There have been some totally wild movie endings over the years, and others that many remember more than their respective movies, so much so that they’ve entered the zeitgeist even for those who’ve never watched them before. However, some of those iconic Academy Award-winning films almost had alternate endings that differed drastically from what we saw, that were either originally a part of the movie or written or shot as a back-up plan if the director and cast didn’t stick the landing.
Here are 32 movies that almost ended in a completely different manner…
We’re all familiar with the Titanic ending: Jack Dawson (Leonardo DiCaprio) dies, Rose DeWitt Bukater (Kate Winslet) survives and lives a long and fulfilling life. And while that aspect didn’t change in the film’s alternate ending, the scene where the present-day Rose (Gloria Stuart) drops the Heart of the Ocean into the Atlantic played out differently. Instead of being on her own and never revealing she had the diamond all along, Rose is caught by Brock Lovett (Bill Paxton), who gets to touch the necklace before the elderly woman drops the stone below.
Ridley Scott’s sci-fi horror classic, Alien, ends with Ellen Ripley (Sigourney Weaver) defeating the Xenomorph once and for all before going into cryo-sleep. However, the filmmaker revealed in an interview with EW that his original vision saw the movie ending on a much more somber note with the heroine having her head ripped off by the alien creature.
Is there a movie ending more memorable than the Seven finale with its painful “What’s in the box?” scream from Brad Pitt’s David Mills? Well, David Fincher’s 1995 thriller could have gone in multiple directions, according to the Telegraph (via SlashFilm). In fact, there were seven alternate endings, including one where William Somerset (Morgan Freeman) kills John Doe (Kevin Spacey), one where Mills shoots Somerset to prevent him from killing Doe, and one including a dead dog in the box.
Get Out (2017)
The Get Out ending leaves things on a relatively high note with Chris Washington (Daniel Kaluuya) being rescued by his best friend, Rod Williams (Lil Rel Howery), but there’s an alternate scene that is more devastating than anything in the final film. In the Get Out alternate ending, it isn’t Rod who shows up but instead a police officer who arrests Chris for the murder of Rose Armitage (Allison Williams).
28 Days Later (2002)
Danny Boyle’s 28 Days Later is one of the most transformative zombie movies of the 21st century and one of the best 2000s movies. The movie’s main ending wraps up with a suggestion that Jim (Cillian Murphy), Selena (Naomie Harris), and Hannah (Megan Burns) will be saved after escaping the fortified mansion. However, the 28 Days Later alternate endings are far more grim and over-the-top, with one wrapping up with an ambiguous car crash, another where Jim dies, and another with a wild blood transfusion sequence.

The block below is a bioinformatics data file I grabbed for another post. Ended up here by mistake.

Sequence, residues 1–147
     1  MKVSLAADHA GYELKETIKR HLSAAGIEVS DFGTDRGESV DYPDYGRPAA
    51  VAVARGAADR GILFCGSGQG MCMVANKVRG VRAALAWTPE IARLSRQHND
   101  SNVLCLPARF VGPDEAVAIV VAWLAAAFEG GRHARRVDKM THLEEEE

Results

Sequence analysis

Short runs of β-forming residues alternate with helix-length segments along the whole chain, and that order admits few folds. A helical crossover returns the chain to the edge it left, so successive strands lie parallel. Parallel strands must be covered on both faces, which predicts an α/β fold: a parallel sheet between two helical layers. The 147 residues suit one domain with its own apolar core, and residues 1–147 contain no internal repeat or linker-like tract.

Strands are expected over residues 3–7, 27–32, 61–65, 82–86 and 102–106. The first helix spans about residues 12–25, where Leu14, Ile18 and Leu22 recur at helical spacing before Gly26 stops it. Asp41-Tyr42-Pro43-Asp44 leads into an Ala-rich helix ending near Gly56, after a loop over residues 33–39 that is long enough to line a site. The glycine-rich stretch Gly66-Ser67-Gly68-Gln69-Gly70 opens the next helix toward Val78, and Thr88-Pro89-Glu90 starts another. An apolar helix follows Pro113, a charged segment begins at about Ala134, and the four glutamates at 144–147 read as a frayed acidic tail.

Fatal Attraction (1987)
The 1987 erotic thriller, Fatal Attraction, ends with Alex Forrest (Glenn Close) being shot and killed by Beth Rogerson Gallagher (Anne Archer), Dan’s wife. However, according to Vanity Fair, the alternate -- well, original -- ending saw Alex die after slashing her own throat, which didn’t work with test audiences.
I Am Legend (2007)
The I Am Legend alternate ending is one that provides a lot more context for the overall story than the version we saw in theaters. In this version, Will Smith’s Robert Neville discovers that the Alpha Male Hemocyte was trying to save his mate the whole time and that the creatures see the human as their boogeyman. This completely changes the way you look at the “monsters” while also keeping the humans alive.
John Landis’ legendary murder mystery comedy, Clue, has not one, not two, but three different endings before the credits roll. And unlike a lot of movies where the alternate conclusions aren’t seen until put on DVD years later, moviegoers get to see the “Miss Scarlet” ending, the “Mrs. Peacock” ending, and the “real” ending in one viewing.
Terminator 2: Judgment Day (1991)
James Cameron’s Terminator 2: Judgment Day, one of the best action movies of all time, ends with T-800 (Arnold Schwarzenegger) sacrificing himself to save Sarah (Linda Hamilton) and John Connor (Edward Furlong) who then drive down an open highway. The alternate ending ends on a different note with an older Sarah Connor talking about John becoming a Senator instead of a soldier in the war between man and machine.
National Lampoon's Vacation (1983)
We all know how National Lampoon’s Vacation ends: Clark Griswold (Chevy Chase) buys a BB gun and forces his way into Walley World after driving 2,400 miles across the country. The original version of the movie, however, never saw the family enter the park. Instead, they confronted Roy Walley (Eddie Bracken) at his home, as detailed in an EW oral history of the massive change.
Dawn of the Dead (1978)
Though George A. Romero’s Dawn of the Dead doesn’t end on the happiest of notes – Peter (Ken Foree) and Fancine (Gaylen Ross) escape in a helicopter with limited fuel and a zombie-infested landscape – it’s far more uplifting than what the late horror master originally had in store. According to ScreenRant, the original version in the script saw both of the survivors kill themselves before they could be eaten by zombies.
First Blood (1982)
First Blood ends with Johnny Rambo (Sylvester Stallone) tearfully lamenting his Vietnam War experience and the treatment he received upon returning home before being taken into federal custody. However, according to EW, the movie was going to originally end with the hero taking his own life.
Little Shop Of Horrors (1986)
Frank Oz’s Little Shop of Horrors ends with Seymour Krelborn (Rick Moranis) and Audrey (Ellen Greene) getting married after destroying Audrey II, but the musical comedy’s original, and far more depressing ending, was a different story. In this version, the man-eating plant eats its owner and begins to take over the world, toppling (and eating) everything in its path.
Nearly 30 years after the release of Clerks, Kevin Smith took to Twitter to share a scene from the original script that would have had his directorial debut end on a different note. In this alternate ending, Dante Hicks (Brian O’Halloran) is shot and killed instead of taking the next day off.
Blade Runner (1982)
Ridley Scott’s Blade Runner has long been known for its various different cuts, each of which has a slightly different ending. The theatrical cut ends with Deckard (Harrison Ford) and Rachel (Sean Young) driving away from Los Angeles with a voice-over track, the director’s cut ends much earlier in the story and gets rid of the narration. This latter version was enhanced in the “Final Cut” years later, according to SlashFilm.
The Butterfly Effect (2004)